Wednesday, January 31, 2018

The Thrifty Guide to Ancient Rome and The Thrifty Guide to the American Revolution Book Review



I have a house full of history loving kids. We really take our history series around here. We also like to have fun with history. I like hearing a good hearty laugh when you’re learning about such a serious subject like history.

Recently, we had an opportunity to review The Thrifty Guide to Ancient Rome: A Handbook for Time Travelers and The Thrifty Guide to the American Revolution: A Handbook for Time Travelers by Penguin Random House and Jonathan W. Stokes. 


The books are told from the perceptive of Time Corp.The books are set up as a vacation guide book in the future. There is even a passport book with stickers to add into your passport. The years are 2163 and 2164 and this is a guide to help you navigate history as you travel back in time. You may need some information on how to ride a horse, where to eat, people of interest to have lunch with, what to wear, and some places and dates to visit. 


My kids enjoyed the section on ‘How to Prank the Past”. I have to say that it started a wild fire in our house. Now whenever we are reading about anything history related my son comes up with some crazy ways you could prank the past. I don’t see it stopping anytime soon. 



I like that many historical figures are covered and a brief bio on them is told. Also some important events during these time periods are covered.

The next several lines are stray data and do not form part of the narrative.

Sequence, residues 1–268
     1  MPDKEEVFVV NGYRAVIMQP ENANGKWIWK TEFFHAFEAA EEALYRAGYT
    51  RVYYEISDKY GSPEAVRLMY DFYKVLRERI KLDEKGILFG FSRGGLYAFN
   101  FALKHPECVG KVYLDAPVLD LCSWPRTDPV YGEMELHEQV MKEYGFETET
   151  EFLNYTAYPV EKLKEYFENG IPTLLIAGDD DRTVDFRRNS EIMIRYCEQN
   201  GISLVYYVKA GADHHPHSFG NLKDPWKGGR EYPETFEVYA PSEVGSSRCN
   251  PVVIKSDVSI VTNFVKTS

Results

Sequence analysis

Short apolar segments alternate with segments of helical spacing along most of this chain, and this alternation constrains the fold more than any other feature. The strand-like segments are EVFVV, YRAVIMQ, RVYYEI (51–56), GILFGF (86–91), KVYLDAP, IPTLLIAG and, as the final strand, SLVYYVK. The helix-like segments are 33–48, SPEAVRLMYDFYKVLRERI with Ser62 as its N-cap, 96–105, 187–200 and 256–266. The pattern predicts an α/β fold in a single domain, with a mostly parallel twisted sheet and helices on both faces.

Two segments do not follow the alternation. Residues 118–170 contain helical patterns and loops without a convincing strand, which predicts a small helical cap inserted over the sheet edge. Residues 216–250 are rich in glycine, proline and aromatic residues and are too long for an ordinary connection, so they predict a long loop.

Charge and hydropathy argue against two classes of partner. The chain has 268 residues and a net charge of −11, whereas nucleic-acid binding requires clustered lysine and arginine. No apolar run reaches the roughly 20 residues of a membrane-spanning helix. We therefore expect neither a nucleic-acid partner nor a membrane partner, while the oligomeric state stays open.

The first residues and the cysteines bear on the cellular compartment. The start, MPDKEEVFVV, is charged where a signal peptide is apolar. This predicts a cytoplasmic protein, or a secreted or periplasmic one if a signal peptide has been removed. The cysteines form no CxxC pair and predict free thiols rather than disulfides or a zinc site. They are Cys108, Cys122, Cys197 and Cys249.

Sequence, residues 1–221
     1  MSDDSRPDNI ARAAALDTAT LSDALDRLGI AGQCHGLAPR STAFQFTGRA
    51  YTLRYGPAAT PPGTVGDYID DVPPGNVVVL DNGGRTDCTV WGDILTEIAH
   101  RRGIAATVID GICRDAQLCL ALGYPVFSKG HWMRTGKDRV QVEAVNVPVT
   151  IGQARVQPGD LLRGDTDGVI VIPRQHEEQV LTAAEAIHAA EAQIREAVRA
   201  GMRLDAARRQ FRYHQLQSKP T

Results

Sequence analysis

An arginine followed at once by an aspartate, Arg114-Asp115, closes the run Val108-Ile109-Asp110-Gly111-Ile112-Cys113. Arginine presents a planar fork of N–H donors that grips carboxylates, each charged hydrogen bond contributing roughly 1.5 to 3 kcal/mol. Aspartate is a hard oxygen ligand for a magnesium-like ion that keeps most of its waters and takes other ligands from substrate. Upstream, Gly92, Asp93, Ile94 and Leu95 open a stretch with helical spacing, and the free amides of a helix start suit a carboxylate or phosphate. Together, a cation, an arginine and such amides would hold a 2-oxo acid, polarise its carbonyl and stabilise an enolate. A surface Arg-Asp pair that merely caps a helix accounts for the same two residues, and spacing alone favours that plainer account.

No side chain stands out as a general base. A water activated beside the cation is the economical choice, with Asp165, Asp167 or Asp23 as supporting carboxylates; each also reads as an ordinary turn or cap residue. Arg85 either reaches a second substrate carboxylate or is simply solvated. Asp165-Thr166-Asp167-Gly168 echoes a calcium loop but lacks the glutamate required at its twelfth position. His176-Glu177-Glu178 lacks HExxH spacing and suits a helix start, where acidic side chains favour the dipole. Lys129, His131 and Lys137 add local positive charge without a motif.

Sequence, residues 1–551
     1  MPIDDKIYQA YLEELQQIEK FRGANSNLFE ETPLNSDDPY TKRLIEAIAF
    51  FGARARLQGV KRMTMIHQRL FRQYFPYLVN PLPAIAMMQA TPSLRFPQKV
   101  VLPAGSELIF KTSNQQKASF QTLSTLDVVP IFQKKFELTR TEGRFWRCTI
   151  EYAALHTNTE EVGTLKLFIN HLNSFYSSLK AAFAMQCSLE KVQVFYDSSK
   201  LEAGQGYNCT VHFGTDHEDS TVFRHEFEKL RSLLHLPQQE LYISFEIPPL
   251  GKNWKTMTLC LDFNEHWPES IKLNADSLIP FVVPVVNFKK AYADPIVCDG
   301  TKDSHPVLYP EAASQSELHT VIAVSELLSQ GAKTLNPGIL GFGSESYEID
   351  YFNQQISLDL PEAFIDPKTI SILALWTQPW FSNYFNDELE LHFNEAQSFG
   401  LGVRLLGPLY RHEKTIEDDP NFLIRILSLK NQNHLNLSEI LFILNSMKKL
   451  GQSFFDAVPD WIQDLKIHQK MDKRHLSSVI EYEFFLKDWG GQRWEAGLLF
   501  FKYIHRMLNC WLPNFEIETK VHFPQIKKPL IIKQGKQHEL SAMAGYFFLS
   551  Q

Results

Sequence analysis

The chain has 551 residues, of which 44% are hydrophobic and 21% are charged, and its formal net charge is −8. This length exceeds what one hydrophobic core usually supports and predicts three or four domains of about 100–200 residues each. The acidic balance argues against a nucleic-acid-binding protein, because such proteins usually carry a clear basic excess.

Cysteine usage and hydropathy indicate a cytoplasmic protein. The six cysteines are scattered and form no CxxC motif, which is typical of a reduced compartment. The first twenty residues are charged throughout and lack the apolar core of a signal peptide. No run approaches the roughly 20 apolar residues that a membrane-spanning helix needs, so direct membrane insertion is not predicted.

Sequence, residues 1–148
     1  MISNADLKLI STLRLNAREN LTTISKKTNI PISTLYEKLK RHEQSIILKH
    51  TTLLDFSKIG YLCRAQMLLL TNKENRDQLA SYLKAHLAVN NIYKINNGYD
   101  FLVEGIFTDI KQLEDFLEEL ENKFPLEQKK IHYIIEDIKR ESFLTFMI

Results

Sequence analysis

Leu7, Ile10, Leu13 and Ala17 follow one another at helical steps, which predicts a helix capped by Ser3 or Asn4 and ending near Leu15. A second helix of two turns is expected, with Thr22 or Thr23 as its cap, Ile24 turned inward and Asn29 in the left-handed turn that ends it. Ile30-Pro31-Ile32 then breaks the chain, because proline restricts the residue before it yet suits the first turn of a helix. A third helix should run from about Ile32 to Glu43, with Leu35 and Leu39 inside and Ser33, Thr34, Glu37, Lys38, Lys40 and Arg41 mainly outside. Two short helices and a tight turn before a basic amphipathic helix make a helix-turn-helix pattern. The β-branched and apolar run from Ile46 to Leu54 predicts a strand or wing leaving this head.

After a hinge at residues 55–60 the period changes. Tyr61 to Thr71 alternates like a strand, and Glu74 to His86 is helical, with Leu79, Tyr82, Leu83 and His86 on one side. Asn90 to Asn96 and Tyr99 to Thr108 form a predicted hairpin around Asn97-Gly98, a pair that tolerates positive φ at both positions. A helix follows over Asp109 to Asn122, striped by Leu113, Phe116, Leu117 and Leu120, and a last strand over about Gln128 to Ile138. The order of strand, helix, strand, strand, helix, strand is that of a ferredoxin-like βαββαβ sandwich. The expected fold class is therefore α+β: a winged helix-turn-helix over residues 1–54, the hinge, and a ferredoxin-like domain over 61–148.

The Thrifty Guide to the American Revolution: A Handbook for Time Travelers covers the Boston Tea Party, pivotal battles, the differences in the armies, How to fire a Musket, and much more.


The Thrifty Guide to Ancient Rome: A Handbook for Time Travelers covers the Roman Civil War, Julius Caesar, What to do if your attacked by a barbarian, Five ways to die in Rome, and several other battles and historical figures in history.


There are a few things that you may not be ready to introduce your kids to. The books are for ages: 8-12. Just a warning a bit odd in the book for the intended age range.

 My kids looked for a reference in the back of the book as they wanted to see what resources the information came from. They were a bit disappointed not knowing where the information came from.

Overall, a fun approach to history. These would be great for kids who don’t care for history that much. I don’t know many kids who don’t like to joke around. While they are laughing they can be learning about history.

I received a free copy of this product from Penguin Random House in exchange for my honest review. I was not required to write a positive review nor was I compensated in any other way. All opinions I have expressed are my own or those of my family. I am disclosing this information accordance with the FTC Regulations
  

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